Role of Apoptosis and Proinflammatory Cytokines in Influenza Virus Morbidity and Mortality
Susan Jane Morris,
Edward William Andrew Brydon,
Influenza virus is a major human pathogen that causes epidemics and pandemics with increased morbidity and, especially in the elderly and those with pre-existing medical conditions, increased mortality. Currently avian influenza viruses are causing deaths in previously “not-at-risk” groups. Influenza is characterised by respiratory symptoms and constitutional symptoms. In this review we explore current knowledge of the role inflammation and apoptosis plays in respiratory epithelial cell damage and pathogenicity. Influenza virus vRNA, other ssRNAs and dsRNAs are recognised by cellular pathogen-associated microbial pattern (PAMP) receptors. Of these, TLR3 activates NF-κB, a transcription factor of pro-inflammatory cytokines such as TNF-α, IL-1 and IL-6 along with a variety of chemokines like CCL2, CCL3, CCL4, CCL5, CXCL8 and CXCL10, and Type 1 interferons (IFN) through the IFN regulator IRF3. TLR7/TLR8 activates NF-κB through different mediators to stimulate a similar response. Pro-inflammatory and antiviral cytokines may also be induced by TLR3/TLR7-independent pathways involving NOD-like receptors and CARD-helicase proteins. It is also becoming clearer that the mechanisms leading to inflammatory responses and to apoptosis are linked particularly with regard to caspase activation and function. The role these pathways play in influenza virus induced mortality and morbidity will be discussed with particular reference to that of the H5N1 viruses.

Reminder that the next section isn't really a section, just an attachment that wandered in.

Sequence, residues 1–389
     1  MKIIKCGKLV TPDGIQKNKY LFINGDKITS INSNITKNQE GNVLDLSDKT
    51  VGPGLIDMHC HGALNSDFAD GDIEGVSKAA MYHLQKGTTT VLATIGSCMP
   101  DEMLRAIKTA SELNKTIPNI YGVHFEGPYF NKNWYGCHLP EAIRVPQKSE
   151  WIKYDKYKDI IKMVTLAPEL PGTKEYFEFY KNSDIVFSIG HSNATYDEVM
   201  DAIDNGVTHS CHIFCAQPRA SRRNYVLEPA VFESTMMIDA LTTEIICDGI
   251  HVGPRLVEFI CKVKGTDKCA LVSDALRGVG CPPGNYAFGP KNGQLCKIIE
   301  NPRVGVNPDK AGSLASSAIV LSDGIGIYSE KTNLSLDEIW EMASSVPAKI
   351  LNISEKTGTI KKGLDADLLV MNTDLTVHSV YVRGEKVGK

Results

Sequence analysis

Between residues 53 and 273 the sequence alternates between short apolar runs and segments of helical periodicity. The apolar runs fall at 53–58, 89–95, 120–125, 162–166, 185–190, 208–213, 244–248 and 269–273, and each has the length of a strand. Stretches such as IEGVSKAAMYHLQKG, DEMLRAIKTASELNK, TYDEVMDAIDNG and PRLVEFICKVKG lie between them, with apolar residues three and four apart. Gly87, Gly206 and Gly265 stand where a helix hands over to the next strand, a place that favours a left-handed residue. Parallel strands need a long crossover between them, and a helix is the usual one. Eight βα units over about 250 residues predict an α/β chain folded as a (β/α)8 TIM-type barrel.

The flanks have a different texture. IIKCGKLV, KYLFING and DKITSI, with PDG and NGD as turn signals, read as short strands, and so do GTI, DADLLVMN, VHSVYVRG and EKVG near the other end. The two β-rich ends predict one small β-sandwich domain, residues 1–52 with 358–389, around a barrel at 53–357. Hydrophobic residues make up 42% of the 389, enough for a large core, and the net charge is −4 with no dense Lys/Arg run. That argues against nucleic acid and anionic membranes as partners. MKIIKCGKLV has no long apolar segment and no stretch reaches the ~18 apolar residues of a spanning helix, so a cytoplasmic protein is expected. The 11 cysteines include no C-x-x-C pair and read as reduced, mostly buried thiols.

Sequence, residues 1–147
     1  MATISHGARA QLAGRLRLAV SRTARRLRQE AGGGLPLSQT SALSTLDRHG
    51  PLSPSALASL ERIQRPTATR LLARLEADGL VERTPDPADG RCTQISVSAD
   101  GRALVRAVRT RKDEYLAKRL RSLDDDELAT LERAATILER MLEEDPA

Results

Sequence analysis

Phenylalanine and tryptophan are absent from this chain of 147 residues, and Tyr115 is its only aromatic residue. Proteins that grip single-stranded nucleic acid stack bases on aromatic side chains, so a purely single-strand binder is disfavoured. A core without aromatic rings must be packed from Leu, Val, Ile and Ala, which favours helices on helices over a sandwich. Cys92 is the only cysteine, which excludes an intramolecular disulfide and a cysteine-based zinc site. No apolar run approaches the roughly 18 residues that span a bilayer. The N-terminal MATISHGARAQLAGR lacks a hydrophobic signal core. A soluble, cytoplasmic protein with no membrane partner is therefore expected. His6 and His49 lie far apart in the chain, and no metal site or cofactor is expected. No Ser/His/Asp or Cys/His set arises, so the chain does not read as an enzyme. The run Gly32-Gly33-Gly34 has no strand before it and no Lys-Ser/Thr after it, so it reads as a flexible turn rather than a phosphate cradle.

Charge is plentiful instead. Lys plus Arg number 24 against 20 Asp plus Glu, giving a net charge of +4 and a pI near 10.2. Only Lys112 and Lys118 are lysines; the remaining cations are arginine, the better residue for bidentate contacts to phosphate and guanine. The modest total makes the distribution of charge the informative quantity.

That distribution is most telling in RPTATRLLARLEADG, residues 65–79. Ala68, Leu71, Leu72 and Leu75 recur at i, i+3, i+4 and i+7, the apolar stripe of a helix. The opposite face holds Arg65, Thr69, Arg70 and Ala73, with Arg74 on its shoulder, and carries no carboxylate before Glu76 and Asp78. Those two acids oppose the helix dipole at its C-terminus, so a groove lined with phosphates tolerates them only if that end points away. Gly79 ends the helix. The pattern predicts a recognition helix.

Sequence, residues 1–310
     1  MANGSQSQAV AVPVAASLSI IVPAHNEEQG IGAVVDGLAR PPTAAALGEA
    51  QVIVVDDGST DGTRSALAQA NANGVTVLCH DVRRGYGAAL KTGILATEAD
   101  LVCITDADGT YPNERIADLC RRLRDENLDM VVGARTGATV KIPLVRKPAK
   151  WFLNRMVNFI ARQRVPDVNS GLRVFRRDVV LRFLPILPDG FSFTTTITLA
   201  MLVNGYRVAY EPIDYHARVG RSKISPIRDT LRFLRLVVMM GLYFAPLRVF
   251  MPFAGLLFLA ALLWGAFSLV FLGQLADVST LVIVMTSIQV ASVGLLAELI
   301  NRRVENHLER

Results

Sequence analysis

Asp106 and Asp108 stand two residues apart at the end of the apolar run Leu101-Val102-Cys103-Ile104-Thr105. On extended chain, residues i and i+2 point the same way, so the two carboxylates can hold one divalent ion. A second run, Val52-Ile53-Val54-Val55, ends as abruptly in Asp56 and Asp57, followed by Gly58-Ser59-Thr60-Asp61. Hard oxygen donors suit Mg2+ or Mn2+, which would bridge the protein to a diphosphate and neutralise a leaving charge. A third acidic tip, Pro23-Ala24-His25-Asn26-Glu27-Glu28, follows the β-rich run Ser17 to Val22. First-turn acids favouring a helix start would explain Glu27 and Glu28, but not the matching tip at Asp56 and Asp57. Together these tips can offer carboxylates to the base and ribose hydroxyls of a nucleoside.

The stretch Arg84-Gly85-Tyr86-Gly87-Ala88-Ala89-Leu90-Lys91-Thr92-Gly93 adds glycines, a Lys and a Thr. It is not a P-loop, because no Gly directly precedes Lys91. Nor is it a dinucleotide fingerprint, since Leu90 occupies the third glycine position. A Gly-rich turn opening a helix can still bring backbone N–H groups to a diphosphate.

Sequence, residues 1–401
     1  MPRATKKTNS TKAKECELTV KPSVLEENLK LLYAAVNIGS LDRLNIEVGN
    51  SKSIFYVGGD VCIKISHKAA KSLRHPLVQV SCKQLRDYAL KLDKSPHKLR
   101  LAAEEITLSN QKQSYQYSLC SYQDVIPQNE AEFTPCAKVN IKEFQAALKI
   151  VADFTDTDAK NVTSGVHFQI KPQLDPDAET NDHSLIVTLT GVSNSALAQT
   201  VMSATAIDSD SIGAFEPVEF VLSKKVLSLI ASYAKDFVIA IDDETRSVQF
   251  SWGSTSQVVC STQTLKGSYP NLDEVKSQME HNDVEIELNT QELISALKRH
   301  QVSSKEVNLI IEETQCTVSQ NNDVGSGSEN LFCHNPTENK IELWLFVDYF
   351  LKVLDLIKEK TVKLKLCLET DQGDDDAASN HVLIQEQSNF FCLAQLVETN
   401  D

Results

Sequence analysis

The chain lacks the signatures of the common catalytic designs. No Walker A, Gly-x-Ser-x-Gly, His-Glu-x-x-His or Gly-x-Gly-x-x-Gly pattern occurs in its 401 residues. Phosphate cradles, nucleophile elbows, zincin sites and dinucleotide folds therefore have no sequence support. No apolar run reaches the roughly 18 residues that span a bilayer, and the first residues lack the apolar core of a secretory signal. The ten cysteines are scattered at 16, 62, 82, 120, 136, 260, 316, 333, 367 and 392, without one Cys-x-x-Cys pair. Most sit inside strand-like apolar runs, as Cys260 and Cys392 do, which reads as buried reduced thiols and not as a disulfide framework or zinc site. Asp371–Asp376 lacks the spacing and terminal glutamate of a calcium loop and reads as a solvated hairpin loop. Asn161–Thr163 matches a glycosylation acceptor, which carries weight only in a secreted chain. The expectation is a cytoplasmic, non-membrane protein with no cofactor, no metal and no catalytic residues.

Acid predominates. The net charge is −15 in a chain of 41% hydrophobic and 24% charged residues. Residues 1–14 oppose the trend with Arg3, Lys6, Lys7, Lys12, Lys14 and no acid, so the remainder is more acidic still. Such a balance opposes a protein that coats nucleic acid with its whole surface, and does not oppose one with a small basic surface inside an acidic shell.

Keywords: Influenza virus, apoptosis, fever, constitutional symptoms, respiratory symptoms, cytokines, chemokines
Rights & PermissionsPrintExport